Seed Grant Summer 2021 Report

Submitted by Kate Birdsall

The Cube

The Cube, in its role as the only publishing nexus of its kind at MSU, currently has three distinct operational wings that provide significant experiential learning, mentorship, and professional development opportunities for undergraduate and graduate students. In its second operational wing, The Cube’s director, graduate assistant, and paid undergraduate interns review new proposed projects, accept or reject them based on budgetary constraints and funding (provided by clients, grants, or other internal support, e.g. special project for XA), direct them, and scaffold them.

Due to limited internal funding, The Cube often pays undergraduate interns to work on limited-run projects, such as The REO Town Reading Series Anthology and the website redesign for The Red Cedar Review, with grant funding. As has been the case with projects past, Superheroes Die in the Summer’s final iteration will be made possible with the generous support of DH@MSU.

The Project

Dr. Tamar Boyadjian, Associate Professor of English and one of three translators from Western Armenian to English in the world, approached The Cube about supporting a translation of Christian Batikian’s Superheroes Die in the Summer, an experimental text that narrates the daily lives of children from different cultural backgrounds who live in Istanbul and share an interest in American comic books and their heroes—stories that become reflections of future fantasy, sexual adventures, and their current reality. At the same time, the book individualizes the lives of superheroes within the complicated relationships of Armenians, Kurds, and Turks living in Istanbul in the twenty-first century. The bildungsroman further complicates the intersections of childhood, memory, and identity through the lens and language of Western Armenian— currently on the UNESCO list of endangered languages.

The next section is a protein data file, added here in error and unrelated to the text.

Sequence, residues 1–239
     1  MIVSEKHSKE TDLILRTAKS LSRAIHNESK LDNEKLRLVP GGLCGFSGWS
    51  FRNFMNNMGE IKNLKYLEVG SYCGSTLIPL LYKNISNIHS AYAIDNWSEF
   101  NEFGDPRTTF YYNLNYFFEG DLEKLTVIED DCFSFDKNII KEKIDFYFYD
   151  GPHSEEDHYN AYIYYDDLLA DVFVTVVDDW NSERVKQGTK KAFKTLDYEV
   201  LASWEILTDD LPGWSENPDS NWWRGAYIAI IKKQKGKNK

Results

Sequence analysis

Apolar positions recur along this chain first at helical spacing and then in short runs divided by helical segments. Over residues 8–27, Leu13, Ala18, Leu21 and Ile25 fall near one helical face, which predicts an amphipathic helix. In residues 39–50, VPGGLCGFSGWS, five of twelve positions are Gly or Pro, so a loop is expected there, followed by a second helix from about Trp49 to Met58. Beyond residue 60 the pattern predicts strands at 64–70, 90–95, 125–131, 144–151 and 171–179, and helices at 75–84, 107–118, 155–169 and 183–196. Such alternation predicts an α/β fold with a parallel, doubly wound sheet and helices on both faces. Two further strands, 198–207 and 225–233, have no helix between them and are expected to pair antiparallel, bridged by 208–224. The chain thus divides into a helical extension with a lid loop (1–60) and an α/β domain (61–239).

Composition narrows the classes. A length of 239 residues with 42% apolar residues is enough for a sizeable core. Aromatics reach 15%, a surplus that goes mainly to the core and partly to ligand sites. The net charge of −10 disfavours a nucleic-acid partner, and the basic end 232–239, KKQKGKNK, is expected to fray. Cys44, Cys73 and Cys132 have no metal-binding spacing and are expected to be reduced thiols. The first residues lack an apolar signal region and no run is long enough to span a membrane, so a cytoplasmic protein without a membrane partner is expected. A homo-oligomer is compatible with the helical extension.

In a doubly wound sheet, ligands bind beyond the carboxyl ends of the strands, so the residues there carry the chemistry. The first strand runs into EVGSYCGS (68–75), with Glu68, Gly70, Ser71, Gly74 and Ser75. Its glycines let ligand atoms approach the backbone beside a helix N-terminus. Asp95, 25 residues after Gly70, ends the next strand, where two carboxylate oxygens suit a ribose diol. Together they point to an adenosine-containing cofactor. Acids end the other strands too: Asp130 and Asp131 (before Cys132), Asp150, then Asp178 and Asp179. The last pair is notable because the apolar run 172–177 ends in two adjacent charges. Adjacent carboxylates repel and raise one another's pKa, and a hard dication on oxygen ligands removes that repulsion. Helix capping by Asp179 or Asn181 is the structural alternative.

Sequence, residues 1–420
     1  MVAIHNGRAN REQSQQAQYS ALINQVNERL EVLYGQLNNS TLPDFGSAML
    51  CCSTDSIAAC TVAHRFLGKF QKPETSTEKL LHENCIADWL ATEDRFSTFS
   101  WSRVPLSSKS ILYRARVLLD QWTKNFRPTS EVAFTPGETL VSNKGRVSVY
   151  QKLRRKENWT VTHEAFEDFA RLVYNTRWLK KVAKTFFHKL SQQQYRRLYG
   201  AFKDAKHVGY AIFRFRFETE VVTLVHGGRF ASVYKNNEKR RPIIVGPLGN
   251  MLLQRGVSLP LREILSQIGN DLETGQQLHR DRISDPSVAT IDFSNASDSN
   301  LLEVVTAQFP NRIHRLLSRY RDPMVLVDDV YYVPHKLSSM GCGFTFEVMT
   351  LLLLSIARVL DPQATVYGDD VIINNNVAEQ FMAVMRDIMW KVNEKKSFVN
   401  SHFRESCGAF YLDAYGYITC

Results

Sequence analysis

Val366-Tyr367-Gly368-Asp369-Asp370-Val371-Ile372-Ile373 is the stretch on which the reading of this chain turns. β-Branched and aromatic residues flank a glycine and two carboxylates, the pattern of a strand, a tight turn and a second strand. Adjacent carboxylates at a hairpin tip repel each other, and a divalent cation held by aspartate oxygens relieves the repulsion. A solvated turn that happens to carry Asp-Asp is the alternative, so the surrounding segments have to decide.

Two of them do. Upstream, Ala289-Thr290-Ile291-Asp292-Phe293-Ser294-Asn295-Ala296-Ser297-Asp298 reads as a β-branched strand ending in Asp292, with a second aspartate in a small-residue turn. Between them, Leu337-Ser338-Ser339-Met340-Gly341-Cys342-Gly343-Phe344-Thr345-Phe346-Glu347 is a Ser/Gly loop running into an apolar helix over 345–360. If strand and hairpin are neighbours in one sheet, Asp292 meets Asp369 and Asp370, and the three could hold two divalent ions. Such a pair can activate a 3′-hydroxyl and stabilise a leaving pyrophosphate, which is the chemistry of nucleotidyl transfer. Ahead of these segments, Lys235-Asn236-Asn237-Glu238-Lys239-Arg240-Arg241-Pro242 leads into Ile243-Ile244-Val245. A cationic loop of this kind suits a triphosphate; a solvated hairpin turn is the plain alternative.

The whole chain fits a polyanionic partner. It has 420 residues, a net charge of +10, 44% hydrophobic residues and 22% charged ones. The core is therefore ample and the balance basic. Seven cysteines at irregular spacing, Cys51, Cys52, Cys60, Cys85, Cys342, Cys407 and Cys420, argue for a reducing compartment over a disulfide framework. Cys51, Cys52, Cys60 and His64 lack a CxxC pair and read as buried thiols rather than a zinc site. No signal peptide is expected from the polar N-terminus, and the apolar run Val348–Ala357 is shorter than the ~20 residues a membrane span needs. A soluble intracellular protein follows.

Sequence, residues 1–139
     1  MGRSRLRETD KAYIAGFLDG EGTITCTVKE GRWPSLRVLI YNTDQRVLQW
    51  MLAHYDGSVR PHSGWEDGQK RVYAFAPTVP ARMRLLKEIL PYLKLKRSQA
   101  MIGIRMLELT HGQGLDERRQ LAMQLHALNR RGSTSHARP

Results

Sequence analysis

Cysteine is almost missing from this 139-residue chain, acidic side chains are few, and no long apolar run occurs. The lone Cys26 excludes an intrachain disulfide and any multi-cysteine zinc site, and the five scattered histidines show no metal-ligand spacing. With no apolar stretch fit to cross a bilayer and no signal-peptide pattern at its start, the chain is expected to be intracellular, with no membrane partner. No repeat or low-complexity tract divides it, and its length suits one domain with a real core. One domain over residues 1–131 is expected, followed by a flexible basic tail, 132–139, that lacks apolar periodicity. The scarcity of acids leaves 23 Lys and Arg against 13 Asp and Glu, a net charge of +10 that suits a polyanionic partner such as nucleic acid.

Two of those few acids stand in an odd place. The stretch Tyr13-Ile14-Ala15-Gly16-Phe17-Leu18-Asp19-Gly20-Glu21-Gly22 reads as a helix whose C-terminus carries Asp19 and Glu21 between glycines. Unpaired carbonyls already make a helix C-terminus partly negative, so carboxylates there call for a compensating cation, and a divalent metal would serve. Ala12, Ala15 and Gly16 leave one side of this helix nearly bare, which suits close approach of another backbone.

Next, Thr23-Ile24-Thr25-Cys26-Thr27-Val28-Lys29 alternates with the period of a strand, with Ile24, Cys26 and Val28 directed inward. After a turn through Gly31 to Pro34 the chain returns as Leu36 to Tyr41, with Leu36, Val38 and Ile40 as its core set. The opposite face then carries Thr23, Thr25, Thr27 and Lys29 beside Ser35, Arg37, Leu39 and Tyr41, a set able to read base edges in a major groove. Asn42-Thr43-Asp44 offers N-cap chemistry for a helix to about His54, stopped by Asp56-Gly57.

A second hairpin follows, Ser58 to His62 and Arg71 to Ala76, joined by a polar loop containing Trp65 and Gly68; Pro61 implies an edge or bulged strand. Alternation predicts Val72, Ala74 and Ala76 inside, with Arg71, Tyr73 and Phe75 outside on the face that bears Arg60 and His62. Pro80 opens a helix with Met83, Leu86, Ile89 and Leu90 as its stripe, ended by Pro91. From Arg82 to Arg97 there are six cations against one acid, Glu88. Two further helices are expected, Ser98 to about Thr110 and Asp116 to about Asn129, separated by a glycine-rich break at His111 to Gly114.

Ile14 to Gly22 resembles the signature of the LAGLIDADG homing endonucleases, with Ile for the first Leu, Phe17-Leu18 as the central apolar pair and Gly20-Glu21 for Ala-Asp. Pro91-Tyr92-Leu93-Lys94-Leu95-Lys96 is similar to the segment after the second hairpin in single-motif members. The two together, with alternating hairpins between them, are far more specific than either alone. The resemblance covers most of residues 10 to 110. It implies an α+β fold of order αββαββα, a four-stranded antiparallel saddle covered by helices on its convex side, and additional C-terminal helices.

We initially edited, designed, and wrote notes for the translation in my SS21 Community Publishing class, but substantial work remained to bring to life the vision that Dr. Boyadjian and I envisioned, namely:

  • meeting with copyright experts to determine whether Superheroes is a fair-use case (it is);
  • finalizing all editorial decisions to be consistent with the intention of the original text while being accessible to an English-speaking audience;
  • proofreading the final edits;
  • developing graphics for the website and printed edition, including back cover art; 
  • wireframing, building, and testing usability for the website; and
  • typesetting the original Western Armenian and the English translation side-by-side in InDesign.

The grant that we received enabled all of the above to happen.

The Future

As of the time of this writing, we are working on finishing touches before purchasing a domain and taking the website public. Still left to complete are

  • the final proofread of the book layout;
  • final margins on the book layout;
  • adding our masthead and branding to the book layout;
  • refining the website for use with different browsers and on mobile; and 
  • a final accessibility audit of the website.

The in-progress site can be viewed here.

The Staff

I would like to thank the following people for their dedication and hard work on this project:

  • Mitch Carr, DRPW (MA 2022), Project Assistant
  • Sydney Wilson, Professional and Public Writing (BA 2021), Editing and Proofreading
  • Grace Houdek, Graphic Design (BA 2022), Graphic Designer
  • Ethan Kolderman, Experience Architecture (BA 2022), Web Developer
  • The students in my SS21 Community Publishing class: Charlotte Bachelor, Iliana Cosme-Brooks, Peyton Frederickson, Kira Ginter, Jarett Greenstein, Naomi Johnson, Noelle Oman, and Mai Vang.